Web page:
Pokemon, a popular franchise with merchandise from anime TV shows and movies to stuffed animals and toys, has captivated generations of fans. The series even has a trading card game that lets players build and battle the fictional pocket monsters with attacks, abilities and more. The goal of the game is to assemble a deck of 60 cards and compete with another player by taking turns using attacks and abilities. There are ten different energy types — Grass, Fire, Water, Lightning, Psychic, Fighting, Metal, Dragon and Fairy — that can be used for attacks or abilities.
There are other special cards that can be used to boost a Pokemon’s attack, defense or speed. These are called stadium cards and can be placed on the playing field for a cost of one energy card. Pokemon can move in and out of a stadium as many times as they wish, but only one stadium card can be active at a time.
A Pokemon’s health, or HP, can also be found on its card. This number tells the amount of damage a Pokemon can take before it is knocked out of play. Other important information on a Pokemon’s card include its weakness, resistance and retreat cost. Weakness denotes which types of attacks a Pokemon is susceptible to, while resistance indicates how much damage it can receive from certain kinds of moves. A Pokemon’s retreat cost identifies the amount of energy that must be paid in order to bring it back to your hand after being played.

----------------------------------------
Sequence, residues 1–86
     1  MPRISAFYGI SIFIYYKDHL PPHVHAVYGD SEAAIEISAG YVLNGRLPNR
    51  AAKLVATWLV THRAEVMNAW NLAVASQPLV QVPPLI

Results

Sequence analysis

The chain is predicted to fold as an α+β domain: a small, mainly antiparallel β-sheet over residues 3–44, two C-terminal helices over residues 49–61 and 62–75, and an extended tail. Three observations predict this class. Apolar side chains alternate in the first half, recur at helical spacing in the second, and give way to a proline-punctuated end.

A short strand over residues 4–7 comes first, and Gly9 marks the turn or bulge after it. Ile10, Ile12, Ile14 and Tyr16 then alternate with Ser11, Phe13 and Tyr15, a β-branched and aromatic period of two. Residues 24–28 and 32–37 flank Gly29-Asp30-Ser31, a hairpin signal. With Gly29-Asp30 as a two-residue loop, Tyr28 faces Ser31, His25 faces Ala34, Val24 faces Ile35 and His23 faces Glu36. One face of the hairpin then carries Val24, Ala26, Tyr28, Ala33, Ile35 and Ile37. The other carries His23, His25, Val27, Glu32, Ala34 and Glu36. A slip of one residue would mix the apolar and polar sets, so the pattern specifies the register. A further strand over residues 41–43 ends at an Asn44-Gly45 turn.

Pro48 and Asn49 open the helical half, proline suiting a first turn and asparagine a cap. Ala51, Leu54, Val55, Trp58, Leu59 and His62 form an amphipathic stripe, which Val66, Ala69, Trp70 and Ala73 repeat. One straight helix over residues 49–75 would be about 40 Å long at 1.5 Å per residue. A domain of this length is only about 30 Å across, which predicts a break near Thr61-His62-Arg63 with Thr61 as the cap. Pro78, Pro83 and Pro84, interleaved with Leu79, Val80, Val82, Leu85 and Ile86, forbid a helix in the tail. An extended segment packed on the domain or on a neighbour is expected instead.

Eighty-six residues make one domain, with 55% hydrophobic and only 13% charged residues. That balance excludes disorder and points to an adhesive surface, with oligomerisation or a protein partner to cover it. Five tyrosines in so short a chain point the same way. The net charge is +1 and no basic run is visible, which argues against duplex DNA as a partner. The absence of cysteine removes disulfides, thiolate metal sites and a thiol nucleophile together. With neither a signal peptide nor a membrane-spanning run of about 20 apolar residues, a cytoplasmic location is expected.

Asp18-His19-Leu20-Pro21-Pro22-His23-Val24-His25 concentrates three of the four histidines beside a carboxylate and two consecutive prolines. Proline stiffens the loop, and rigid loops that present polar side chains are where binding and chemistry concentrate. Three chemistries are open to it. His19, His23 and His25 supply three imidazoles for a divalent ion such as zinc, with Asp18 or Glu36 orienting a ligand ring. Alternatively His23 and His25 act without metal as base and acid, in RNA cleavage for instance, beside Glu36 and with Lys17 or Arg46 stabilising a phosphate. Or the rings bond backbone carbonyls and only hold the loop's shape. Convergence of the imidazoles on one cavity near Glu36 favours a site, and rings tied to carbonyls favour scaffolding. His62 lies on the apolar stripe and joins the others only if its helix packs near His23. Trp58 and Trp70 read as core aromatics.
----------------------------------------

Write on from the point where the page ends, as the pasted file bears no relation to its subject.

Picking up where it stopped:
The card’s bottom right corner has a symbol that can be read by a Pokemon collector to determine its rarity. A circle indicates a common card, a diamond shows an uncommon card and a star is a rare card. A rare card will usually have an additional text box that contains a short description of the Pokemon.
It takes a lot of work to come up with new Pokemon cards and bring them to life on paper. A full team of game designers, over 70 artists and 19 playtesters work full time to create the cards for each release. They also try to ensure the cards match with the latest video games, ensuring they are competitive and attractive to collectors. Creatures staff often send the artists details about a specific Pokemon, such as its name and evolution path. These instructions influence the art style that’s used on the card. For example, the artist for a Bulbasaur or Venusaur card might use a more classical painting style to make it look like a more imposing Pokemon. Similarly, a Pikachu card might feature more cartoony art than a fat version of the same Pokemon. Pokemon trading cards